Trinity #7 review

What happens when three of the Trinity’s biggest baddies get together for a catacomb bull session? ABOMINATIONS! With apologies to the excellent first arc of Red Hood and the Outlaws, Ra’s, Lex, and Circe form their own “Dark Trinity” and face their demons in one of the creepiest haunts around.

A stark—if temporary—change in tone

Francis Manapul takes this month off, and Cullen Bunn steps in to fill his shoes. Whereas Trinity’s first arc teemed with hope, this one-and-done walks deeper into darkness than any prior issue of the series. And honestly, as much as I loved Manapul’s tone in “Better Together”, I welcome this shift—so long as it doesn’t take over. Assuming that “The New Pandoras” will ripple into future stories, I look forward to seeing Manapul work with a worthy counterargument to the optimism of his heroes. I’m sure some of you like Mongul, but while he didn’t annoy me quite as much as I expected him to, I remain disappointed that he ended up being the mastermind behind our first adventure.

Bunn writes most of this issue very well, capturing the voice of Ra’s expertly. Lex feels off here and there, and I have no sufficient reference for Circe, but I at least enjoyed reading her dialogue and narration. It took me two reads to get here, but I also really like the integration of the Pandora myth into the narrative, and Circe’s suggestion that the three villains are in some sense children of the Curious One.

If I have a complaint, I would say that Circe’s discourse is dense enough to feel boring at first; and, after an engaging start to the story courtesy of Ra’s and Lex, this tedious path to clarity feels exaggerated. On the flip-side, things become clearer—and therefore easier to read—if you give the book another chance.

Decent, shared artwork

Clay Mann and Miguel Mendonca both contribute pencils to this issue, and for the most part, I like what we get. Mann has earned his place as one of my favorite artists on DC projects, and he (ironically) shines when illustrating dark places. The transition to Mendonca works pretty well at first, with a page depicting moments outside of the current narrative. But the rest of the book switches between artists without the switch in context, and Mendonca’s aesthetic resembles Mann’s enough—and Brad Anderson’s colors unify their pages enough—to make it feel like it’s one inconsistent artist rather than two good ones. And it’s not because one produces bad pages; in isolation, everything looks quite good, but, page-to-page, there’s a disruptive quality to the shifting finishes. That said, my second read made it easier to work through the disruptions, so their overall impact remains slight.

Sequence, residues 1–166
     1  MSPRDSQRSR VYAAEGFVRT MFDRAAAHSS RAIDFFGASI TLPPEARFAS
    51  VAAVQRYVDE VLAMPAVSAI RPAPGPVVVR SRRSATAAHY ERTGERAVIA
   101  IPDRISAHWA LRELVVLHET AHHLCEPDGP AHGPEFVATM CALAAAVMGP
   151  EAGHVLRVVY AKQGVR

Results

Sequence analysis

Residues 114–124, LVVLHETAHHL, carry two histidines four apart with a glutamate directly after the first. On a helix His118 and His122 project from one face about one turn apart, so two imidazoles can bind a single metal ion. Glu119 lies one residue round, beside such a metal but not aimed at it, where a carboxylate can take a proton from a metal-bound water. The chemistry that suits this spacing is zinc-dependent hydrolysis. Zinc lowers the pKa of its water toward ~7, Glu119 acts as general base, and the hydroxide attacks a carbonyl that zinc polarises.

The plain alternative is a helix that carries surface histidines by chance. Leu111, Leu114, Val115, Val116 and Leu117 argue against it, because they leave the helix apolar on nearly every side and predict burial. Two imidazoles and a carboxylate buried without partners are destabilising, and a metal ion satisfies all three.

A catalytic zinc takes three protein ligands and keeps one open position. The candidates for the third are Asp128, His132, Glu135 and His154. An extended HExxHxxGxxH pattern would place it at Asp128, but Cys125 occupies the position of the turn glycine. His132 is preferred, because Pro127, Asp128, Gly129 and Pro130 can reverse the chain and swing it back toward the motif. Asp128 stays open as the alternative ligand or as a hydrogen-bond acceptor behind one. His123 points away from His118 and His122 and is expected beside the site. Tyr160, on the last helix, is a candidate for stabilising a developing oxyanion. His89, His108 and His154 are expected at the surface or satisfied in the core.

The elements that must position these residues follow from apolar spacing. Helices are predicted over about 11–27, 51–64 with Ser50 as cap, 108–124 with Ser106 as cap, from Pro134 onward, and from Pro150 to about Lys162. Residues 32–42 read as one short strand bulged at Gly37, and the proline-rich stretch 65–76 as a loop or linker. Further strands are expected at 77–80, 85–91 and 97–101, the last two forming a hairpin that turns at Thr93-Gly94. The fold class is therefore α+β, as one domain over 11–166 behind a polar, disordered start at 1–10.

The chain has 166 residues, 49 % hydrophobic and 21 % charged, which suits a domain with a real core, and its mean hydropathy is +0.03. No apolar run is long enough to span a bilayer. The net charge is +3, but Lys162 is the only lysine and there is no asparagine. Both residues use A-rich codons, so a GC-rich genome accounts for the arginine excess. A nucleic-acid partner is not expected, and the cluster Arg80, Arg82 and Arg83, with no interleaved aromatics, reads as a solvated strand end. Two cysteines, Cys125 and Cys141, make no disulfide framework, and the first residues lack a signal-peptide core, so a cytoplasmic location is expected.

A simple, profound interlude

This sort of story could easily end up a meaningless throwaway, but I hope it doesn’t. I’ve been waiting for the return of evil Lex for quite some time now, and both Ra’s and Circe present their own formidable challenges as enemies of the Trinity. The idea of some ongoing alliance (in spite of each member privately insisting that this is temporary) intrigues me, and I would love to see it teased out.

Recommended if…

  • You’re a Mann-fan, or a Ra’s ‘n Roller. Or some other funny thing for Lex or Circe that I can’t think of.
  • You feel like Trinity could use some variation in tone from time to time.
  • The thought of a super-villain team up makes you giddier than Pandora at a cardboard factory.


Trinity #7 makes for a welcome tonal variation after “Better Together”. Bunn writes the villains (mostly) well, and I can only hope that Manapul plans to water the seeds planted here. Great artwork by Mann and Mendonca immerses us in a dark place (and a dark alliance), even if the two are similar enough to be confusing at times. All-in-all, this is a nice, thought-provoking read that gets better with repeat consideration.

SCORE: 7/10